In Manhattan Beach, Mayor Steve Napolitano, a lifelong Manhattan Beach resident, said that the action was an opportunity to learn and move forward.

"This is a joint agreement between the county and the Bruce family regarding the disposition of property owned by the county that had been previously owned by the Bruces. The city was not asked, nor was it required to be involved," said Napolitano in an email to MBNews. "Nevertheless, it is the result of a difficult but necessary reexamination of the events that led to this moment which the city was very much involved in. The Manhattan Beach of today is a welcoming, inclusive community whose city council voted unanimously to acknowledge and condemn the wrongful taking of the Bruce property nearly 100 years ago by a much different city council at a much different time in American history. We’re glad for the opportunity for all involved to learn from it, and now move forward from it.​

Bruce's Beach Background

Since 2020, the city of Manhattan Beach has engaged in an emotional debate over how - or how much - to recognize Willa and Charles Bruce, pioneering Black business owners who created a thriving resort for Black beach-goers in Manhattan Beach in the 1920s. 

(Historical images of Charles and Willa Bruce, of beachgoers at Bruce's Beach resort, and of the former Bruce's Beach resort site. Photos via Bruce's Beach Task Force subcommittee.)

By the mid-1920s, with pressure from community members who did not want Black beachgoers in town, Manhattan Beach's Board of Trustees (a precursor to the modern city council) claimed the land under eminent domain, condemning the lots and displacing the Bruce family as well as other families who had settled in the area. (Of the 30 lots condemned, six were owned by five Black families and had been developed with cottages, homes, or, in the Bruces’ case, a two-story building for their business; and the remaining 25 lots were owned by White property owners that had no structures built upon them and were uninhabited.)

The land was acquired by the state of California in 1948, and was transferred to L.A. County in 1995. The beachfront property the Bruce family once owned is now the site of the Los Angeles County Lifeguard Training Headquarters.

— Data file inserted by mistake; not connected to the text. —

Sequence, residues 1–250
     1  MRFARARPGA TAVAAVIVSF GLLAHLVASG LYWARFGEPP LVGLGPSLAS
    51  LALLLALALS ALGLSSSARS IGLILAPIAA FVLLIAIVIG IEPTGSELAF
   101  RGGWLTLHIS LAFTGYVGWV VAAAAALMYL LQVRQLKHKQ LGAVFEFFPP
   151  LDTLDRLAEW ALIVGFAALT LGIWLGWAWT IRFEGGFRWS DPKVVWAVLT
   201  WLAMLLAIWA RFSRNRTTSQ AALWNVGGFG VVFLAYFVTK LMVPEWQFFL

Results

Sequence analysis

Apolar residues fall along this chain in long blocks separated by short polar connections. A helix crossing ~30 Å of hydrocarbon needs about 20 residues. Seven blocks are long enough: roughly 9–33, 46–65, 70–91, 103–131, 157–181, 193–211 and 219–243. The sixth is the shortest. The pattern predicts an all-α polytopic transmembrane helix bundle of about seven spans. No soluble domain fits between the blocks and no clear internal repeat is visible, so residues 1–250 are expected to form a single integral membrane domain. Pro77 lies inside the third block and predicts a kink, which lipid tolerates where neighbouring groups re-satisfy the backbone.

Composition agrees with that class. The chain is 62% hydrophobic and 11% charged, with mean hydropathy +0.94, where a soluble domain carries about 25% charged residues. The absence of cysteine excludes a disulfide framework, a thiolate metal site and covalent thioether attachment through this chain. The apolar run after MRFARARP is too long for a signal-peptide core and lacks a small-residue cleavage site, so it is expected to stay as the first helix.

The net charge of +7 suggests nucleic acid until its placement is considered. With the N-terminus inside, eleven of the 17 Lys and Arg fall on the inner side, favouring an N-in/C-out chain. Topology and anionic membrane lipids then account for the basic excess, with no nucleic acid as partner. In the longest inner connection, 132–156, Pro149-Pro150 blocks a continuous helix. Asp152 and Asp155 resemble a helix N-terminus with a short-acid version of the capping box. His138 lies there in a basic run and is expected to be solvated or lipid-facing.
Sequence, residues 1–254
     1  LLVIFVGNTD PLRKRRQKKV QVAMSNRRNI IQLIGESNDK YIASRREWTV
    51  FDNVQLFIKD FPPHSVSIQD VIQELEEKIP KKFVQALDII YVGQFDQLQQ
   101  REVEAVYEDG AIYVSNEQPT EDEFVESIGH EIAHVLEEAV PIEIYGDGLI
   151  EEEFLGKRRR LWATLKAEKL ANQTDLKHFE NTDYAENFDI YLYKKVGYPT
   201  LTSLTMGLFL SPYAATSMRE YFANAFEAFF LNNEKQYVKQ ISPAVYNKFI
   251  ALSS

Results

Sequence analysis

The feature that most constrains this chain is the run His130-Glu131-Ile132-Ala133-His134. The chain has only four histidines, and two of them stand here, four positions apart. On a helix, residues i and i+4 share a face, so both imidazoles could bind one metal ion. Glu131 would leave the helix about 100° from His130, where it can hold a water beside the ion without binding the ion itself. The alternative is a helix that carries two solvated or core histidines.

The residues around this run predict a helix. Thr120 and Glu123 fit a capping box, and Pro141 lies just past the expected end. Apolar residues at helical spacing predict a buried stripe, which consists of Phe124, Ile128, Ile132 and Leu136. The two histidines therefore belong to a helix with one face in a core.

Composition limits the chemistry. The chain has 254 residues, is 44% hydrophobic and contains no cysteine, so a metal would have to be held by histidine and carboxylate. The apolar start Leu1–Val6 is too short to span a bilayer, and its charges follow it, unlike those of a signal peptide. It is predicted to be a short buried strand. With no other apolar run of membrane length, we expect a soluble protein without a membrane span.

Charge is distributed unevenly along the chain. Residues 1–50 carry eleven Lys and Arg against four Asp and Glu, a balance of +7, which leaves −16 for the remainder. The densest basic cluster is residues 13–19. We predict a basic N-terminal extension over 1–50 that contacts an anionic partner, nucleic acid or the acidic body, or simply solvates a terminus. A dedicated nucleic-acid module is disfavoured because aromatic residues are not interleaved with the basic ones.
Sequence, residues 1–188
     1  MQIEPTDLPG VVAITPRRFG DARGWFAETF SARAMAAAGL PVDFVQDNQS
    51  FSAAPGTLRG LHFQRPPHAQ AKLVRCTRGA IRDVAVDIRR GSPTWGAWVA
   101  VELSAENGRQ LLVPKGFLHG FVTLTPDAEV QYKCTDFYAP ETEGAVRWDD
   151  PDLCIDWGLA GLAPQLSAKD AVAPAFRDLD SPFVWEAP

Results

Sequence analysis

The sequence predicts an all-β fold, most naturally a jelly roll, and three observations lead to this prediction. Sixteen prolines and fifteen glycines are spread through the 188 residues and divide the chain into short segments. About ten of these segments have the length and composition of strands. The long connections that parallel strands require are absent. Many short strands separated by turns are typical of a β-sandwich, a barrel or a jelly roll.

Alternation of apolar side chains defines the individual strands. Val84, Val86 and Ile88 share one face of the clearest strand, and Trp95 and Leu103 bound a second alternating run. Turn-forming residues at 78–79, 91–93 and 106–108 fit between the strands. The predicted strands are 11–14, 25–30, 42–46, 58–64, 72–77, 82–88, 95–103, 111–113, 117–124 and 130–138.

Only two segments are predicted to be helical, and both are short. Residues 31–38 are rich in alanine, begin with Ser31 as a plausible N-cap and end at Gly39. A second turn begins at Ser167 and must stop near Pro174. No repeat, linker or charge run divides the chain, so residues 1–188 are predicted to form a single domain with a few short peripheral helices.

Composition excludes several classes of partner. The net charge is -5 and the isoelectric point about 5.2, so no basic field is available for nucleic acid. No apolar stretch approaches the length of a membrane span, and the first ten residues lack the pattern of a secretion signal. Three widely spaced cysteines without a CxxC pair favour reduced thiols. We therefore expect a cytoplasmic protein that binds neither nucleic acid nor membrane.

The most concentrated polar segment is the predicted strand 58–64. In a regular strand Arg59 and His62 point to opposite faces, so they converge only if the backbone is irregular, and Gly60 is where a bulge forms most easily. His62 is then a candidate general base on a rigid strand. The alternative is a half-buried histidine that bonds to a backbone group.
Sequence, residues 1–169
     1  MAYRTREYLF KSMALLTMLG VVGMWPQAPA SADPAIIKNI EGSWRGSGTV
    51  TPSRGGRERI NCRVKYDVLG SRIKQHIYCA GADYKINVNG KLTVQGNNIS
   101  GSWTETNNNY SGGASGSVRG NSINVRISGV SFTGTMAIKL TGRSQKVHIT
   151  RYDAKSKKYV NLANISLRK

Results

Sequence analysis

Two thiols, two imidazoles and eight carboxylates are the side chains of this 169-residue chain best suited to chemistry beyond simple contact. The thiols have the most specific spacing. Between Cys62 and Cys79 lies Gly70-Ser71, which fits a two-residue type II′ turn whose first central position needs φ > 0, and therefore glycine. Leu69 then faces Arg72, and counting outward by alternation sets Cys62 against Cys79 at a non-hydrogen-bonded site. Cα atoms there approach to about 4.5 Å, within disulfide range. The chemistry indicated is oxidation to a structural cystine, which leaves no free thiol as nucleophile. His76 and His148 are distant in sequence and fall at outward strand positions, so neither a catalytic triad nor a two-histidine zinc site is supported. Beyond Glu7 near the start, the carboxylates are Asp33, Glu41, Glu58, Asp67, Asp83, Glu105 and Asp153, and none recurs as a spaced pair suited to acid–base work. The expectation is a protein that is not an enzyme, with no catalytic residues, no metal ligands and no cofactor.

The effort led by Los Angeles County leaders to return the land to the Bruce family reached a significant milestone in September 2021 when California Governor Gavin Newsom signed SB 796, a bill permitting the return of the county-owned beachfront property to the Bruce family, into law.

Meanwhile, within Manhattan Beach, it was not until 2006 that the city publicly acknowledged this chapter of its history by naming the area east of the beachfront property Bruce's Beach Park and establishing a plaque in that location. In the summer of 2020, a movement began growing for the city to take further action to recognize the Bruces.

Despite creating a Bruce's Beach Task Force and adopting a history report created by the task force, the Manhattan Beach City Council struggled for nearly a year with finding compromise on the wording, location, and style for a new marker honoring Bruce's Beach and the Bruce family.

The City Council approved the plaque language on March 10, 2022 and the plaque design on April 19, 2022.

Also in March, the City Council reaffirmed its policy disallowing special event permits at Bruce's Beach Park, going against a recommendation of the city's Parks and Rec Commission. Councilmembers voted 4-1 to uphold the current special events policy that excludes Bruce's Beach as well as Larsson Parkette and 8th Street Parkette from the permitting process.

This year, Juneteenth was a relatively quiet day at Bruce's Beach Park, with just a scattering of families enjoying picnics and with city-contracted security staff on hand.